The general standard definition of heritage is the preservation of one’s history and identity. However in the South African context, it differs a tad, hence our heritage is inclusive of all the various rich cultures that are found in this country.
Essentially heritage is what one makes of it as it means different things to different people. However in a diverse country as South Africa, it mainly boils down to these factors:
Generally, on heritage day, South Africans drape themselves in clothing that is in accordance to a tribe that one belongs to, given this country’s numerous tribes.
Fashion designer, Laduma Ngxokolo of Maxhosa, has reinvented the Xhosa prints into modern everyday wear. His clothing label has grown way beyond our African borders to most parts of the world given its rich and authentic aesthetic.
Television and Radio host, Anele Mdoda, was recently spotted rocking a mini-skirt made from the Xhosa print called Umbhaco… and a cape that looks like it was inspired by Ndebele prints. Her modern twist and incorporations of South African prints sealed the deal.
Music has played a pivotal role in shaping and preserving our heritage in South Africa. One of the ways in which the country has achieved this is by sampling old tunes and incorporating them into current and modern music.
As in the case of rapper, AKA, he sampled South Africa’s music icon, Caiphus Semenya’s on his hit song, Caiphus Song, this was done as a way of paying homage to the type of music that some South Africans have long forgotten, especially with the rise and heavy influence of international trends. Talking about the record, the rapper said: “I want people to be patriotic. Patriotic in their love and appreciation for the sound of South Africa that we are trying to create and not metro boomin ‘knock offs.”
The legendary, Thandiswa Mazwai has always been known as an afro traditional musical genius, her records are primarily in her mother tongue, IsiXhosa. In March this year, the singer paid a musical tribute to the late political stalwart, Winnie Madikizela Mandela. A move that was perceived as a remembrance of a memory in history.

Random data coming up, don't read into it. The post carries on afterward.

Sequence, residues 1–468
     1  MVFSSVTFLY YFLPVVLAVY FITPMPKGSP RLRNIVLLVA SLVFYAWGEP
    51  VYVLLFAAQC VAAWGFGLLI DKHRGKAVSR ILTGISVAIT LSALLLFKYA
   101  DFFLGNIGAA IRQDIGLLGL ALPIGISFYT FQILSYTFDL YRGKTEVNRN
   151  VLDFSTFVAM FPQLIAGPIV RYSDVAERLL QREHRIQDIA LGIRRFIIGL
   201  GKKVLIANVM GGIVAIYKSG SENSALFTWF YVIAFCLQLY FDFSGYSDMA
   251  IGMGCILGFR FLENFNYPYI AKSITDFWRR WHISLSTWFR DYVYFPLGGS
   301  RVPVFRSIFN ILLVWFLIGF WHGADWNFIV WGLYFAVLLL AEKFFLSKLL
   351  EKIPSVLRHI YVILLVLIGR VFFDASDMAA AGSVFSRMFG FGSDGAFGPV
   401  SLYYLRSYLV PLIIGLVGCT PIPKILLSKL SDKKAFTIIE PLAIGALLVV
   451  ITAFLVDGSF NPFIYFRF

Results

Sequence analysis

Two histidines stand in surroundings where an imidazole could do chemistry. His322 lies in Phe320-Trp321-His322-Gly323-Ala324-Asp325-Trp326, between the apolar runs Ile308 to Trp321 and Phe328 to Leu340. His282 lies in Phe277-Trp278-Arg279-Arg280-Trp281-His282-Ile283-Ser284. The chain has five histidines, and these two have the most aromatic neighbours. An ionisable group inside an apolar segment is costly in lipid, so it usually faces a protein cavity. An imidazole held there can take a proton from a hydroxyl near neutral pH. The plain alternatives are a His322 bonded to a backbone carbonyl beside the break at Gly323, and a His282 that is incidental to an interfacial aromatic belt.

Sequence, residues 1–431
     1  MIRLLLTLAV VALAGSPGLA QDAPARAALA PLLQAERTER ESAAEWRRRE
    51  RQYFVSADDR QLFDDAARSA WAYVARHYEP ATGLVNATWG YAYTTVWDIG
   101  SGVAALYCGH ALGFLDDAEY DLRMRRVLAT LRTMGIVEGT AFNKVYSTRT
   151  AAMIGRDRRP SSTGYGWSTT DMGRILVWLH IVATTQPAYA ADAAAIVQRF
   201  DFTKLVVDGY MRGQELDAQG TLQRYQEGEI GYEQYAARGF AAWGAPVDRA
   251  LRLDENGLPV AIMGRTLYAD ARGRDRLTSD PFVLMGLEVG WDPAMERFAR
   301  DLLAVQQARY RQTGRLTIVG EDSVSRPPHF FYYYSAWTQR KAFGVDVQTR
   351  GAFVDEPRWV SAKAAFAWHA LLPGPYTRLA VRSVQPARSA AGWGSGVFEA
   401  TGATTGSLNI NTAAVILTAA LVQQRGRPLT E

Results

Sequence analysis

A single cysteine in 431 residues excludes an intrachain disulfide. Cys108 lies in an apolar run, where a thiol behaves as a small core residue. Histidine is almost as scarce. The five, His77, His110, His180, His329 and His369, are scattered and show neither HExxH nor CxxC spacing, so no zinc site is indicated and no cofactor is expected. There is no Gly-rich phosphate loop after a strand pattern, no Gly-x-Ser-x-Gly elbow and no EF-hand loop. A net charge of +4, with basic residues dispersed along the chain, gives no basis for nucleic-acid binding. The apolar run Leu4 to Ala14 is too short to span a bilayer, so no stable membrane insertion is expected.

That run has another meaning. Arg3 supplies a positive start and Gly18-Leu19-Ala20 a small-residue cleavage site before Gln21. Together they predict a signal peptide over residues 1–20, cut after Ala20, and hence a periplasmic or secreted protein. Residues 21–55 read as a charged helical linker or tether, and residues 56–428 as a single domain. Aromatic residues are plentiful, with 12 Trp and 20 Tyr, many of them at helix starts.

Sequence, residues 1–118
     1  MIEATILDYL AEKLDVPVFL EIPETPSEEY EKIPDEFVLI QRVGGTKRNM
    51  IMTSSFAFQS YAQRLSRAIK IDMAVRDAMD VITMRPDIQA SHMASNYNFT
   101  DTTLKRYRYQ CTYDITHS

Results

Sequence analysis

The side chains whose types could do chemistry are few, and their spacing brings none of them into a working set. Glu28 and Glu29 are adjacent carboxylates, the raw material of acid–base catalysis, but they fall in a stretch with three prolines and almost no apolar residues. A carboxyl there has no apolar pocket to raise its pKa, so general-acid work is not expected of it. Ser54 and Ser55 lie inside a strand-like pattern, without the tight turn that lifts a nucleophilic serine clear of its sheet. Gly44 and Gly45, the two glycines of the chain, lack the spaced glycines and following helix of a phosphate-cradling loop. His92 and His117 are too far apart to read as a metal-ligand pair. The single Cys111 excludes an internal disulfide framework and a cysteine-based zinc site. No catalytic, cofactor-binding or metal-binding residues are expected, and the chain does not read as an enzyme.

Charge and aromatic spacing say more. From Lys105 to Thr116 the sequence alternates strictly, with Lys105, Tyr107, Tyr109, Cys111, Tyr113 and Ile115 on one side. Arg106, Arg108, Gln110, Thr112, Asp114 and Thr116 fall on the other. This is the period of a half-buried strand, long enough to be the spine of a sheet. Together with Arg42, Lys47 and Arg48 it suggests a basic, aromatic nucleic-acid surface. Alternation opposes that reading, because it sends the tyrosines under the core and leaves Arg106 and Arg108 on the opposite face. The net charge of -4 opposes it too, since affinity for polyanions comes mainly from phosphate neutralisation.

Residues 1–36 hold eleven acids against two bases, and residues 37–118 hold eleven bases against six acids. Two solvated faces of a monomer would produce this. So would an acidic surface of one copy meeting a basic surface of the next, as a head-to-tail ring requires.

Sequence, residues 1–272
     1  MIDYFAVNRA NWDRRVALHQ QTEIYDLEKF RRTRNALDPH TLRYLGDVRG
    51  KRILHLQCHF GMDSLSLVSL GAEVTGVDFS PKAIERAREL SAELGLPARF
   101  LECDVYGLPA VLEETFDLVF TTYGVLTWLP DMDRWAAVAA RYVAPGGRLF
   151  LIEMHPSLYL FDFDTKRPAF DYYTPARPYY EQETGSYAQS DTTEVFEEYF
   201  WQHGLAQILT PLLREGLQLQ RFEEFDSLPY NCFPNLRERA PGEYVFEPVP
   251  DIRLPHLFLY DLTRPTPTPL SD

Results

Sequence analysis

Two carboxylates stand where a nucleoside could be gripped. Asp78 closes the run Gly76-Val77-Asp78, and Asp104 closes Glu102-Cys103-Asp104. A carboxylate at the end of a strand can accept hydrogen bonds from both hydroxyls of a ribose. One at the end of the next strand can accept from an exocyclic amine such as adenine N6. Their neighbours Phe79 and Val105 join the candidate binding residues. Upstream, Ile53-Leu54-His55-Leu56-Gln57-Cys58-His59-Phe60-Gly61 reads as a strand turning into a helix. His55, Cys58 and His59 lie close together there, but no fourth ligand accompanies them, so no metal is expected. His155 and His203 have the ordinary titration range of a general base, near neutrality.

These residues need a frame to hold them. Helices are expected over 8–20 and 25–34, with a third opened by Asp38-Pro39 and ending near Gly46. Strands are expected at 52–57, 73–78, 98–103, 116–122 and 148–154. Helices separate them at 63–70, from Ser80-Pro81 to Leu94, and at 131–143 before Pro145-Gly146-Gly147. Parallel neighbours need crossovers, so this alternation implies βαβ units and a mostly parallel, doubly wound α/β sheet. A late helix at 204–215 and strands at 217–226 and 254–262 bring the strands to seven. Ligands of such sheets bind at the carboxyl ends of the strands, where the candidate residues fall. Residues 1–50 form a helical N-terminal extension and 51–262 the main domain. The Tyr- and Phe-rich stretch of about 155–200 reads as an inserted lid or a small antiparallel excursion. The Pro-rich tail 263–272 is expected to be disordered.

Rapper, Kid X, recently released his album titled, Mfana Ka Aunty. The artwork for this body of work was hand designed by the iconic, Esther Mahlangu. Kid X wanted to put a younger version into it and show pride in the Ndebele artwork.
Nelson Mandela once said: “If you talk to a man in a language he understands, that goes to his head, if you talk to him in his language that goes to his heart”. An alternative interpretation of this is that, there is beauty and depth in our mother tongues. There is still a sacred and important place for our indigenous languages in this country not just English which has seemingly been put on a pedestal.
Musician, Nathi Mankayi has taken a stance to speak only a language that he is familiar to him and his reality – IsiXhosa. His decision has brought about mixed reactions from his fans however Nathi is not shaken by the criticism.
Food plays a pivotal role in preserving our culture and heritage. Therefore there are various types of food that reminds us of who we are as South Africans, which brings about the inclusion and formation of the braai element of this prestigious day.
Retail Giant has hopped into the #mykindofbraai frenzy by creating easy and familiar food pairings for Heritage Day. Pictured is a rump steak on oak braai planks with mustard butter.
There is quite a lot that one needs to keep in mind when celebrating this day hence it keeps evolving, from the time when it was known as Shaka’s Day to, Heritage Day and now, Braai day. It is quite predictable of how mostly black people celebrate heritage day, however there are other racial groups that form a big part of our heritage – white/coloured people.
Braai’ng is our imprint as South Africans; therefore this sport encompasses everyone that is South African.
The renowned eatery in Orlando, Soweto has a variety of food that celebrates our heritage as South Africans. Pictured is pap and kidneys coupled with fried onions. A meal that most South Africans are familiar with.